School Board Discusses Students’ Return to LCHS

The La Cañada Unified School District is one of the few districts in Los Angeles County to have brought young learners back for limited in-person learning last November and remained open during an alarming pandemic surge. It has since welcomed the remainder of its elementary school students and is in the process of having students in grades 7-12.
However, that good news, which was presented during an LCUSD governing board meeting on Tuesday, quickly soured when a number of La Cañada Flintridge parents voiced their frustrations over the district’s approach to reopening and asked the governing board to consider a full reopening with five days of in-person instruction.
Superintendent Wendy Sinnette assured community members that the district is committed to fully reopening with a regular bell schedule for the 2021-22 school year and will continue to find a way to expand in-person instruction for the final few months of the current semester. However, she added that such a task cannot be accomplished if parents continue to harass her and staff with messages.
“I’d just like to point out that when we have been given any single challenge, we have met it,” Sinnette said after hearing from the public. “But if we’re being charged with this task, we will look at it, we will address it, we will do everything in our power to meet it, but there are many moving pieces and many variables. And we cannot do our work if we’re continuously harassed by our community via email and phone calls.
“So if you want this work to be done, and I’m completely respectful of every single community member and I have my undying respect for this governing board, but if you want us to do our work, we have heard you and we will do it. But we need to do so in an environment where we are not continuously and daily harassed.”
Sinnette accepted the board’s direction to move forward with a phased approach in expanding reopening that includes feedback from site administration and the reopening committee.
The district faces several challenges in going to a hybrid schedule that would have students on campus five days a week. LCUSD would have to renegotiate with labor unions and find difficulty in loading classrooms while adhering to health guidelines.
Dan Jeffries, governing board vice president, reminded stakeholders that the district has to follow the rules set by L.A. County.
“The [Centers for Disease Control], the state government, the county government, you can complain to all those governments if you want, but as a school board, our job is we have to follow what rules are laid out before us,” said Jeffries, who added that it makes sense for the district to at least explore the possibility of having students on campus five days a week.
Newly elected board member Caroline Anderson supported the district’s efforts and believes that a phased approach is best, especially for La Cañada High School.
“We have brought 60 or 70 kids back a day when we were doing elementary school,” Anderson said. “We are talking about bringing back 1,100 kids on April 13. How’s that going to go? We haven’t had that many kids back yet at one time. We want to make sure that we bring them on safely and hopefully in a few weeks, we can talk about getting the rest back and going on a full schedule. But it is not smart to all of a sudden just decide to bring 2,400 kids back to campus when we haven’t even tested if we can bring 200 kids at one time.”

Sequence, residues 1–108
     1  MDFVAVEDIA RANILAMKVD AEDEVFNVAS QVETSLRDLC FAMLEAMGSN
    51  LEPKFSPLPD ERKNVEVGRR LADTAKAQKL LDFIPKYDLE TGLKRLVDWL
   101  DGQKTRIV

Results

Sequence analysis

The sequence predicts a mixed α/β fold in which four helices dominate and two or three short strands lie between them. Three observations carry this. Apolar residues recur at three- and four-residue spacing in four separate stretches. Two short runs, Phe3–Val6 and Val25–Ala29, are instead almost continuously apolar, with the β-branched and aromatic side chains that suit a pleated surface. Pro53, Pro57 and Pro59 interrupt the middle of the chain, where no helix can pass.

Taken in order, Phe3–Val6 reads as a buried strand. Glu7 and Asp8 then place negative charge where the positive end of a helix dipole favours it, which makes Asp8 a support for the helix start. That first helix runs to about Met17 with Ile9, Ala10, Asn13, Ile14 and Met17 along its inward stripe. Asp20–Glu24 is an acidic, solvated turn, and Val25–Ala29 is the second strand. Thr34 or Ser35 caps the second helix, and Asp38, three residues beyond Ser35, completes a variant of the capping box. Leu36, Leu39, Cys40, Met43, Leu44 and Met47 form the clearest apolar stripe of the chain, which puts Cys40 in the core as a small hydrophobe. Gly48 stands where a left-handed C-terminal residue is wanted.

According to Principal Jim Cartnal, there will be about 500 students on campus at a time from Monday through Thursday.
The return rate of LCHS students isn’t as high as one would expect. Seventh-graders have the highest rate with 72% returning to campus, according to LCHS 7/8 Principal Jarrett Gold. Only 65% of 8th-graders, 52% of 9th-graders, 45% of 10th-graders, 43% of 11th-graders and 60% of 12th-graders opted to return to campus for
in-person instruction.
Board member Josh Epstein said he was “struck” by the figures and that remote learners need just as much attention from district staff.
Jeffries agreed with his fellow board member, saying “those students need to have a safe environment. Those need to have a good learning experience.” He also lamented that the discourse over reopening cast a shadow about the announcement of on-campus activities for students and the reopening of the high school, a feat that many districts have yet to accomplish.
“Really, tonight should be a night of celebration of how much progress we’ve made, how we’ve had the TK-2 kids in school since November, how every opportunity we’ve had to open schools, we’ve done so, and we have a reasonable plan for opening after spring break,” Jeffries said. “It’s unfortunate that we’re ending on this note where there are a lot of angry parents, but I think the real feeling of the community is one of pride in what our district has been able to do and what we’ve been able to accomplish.”
President Kaitzer Puglia echoed Jeffries and added that “the push and focus has to remain what’s best for our students.
“In order to meet the needs of our students, we also have to have time to be able to process this step by step and move toward getting our students back on campus. I don’t think that’s ever been in question in this district. We will continue to move forward,” she added.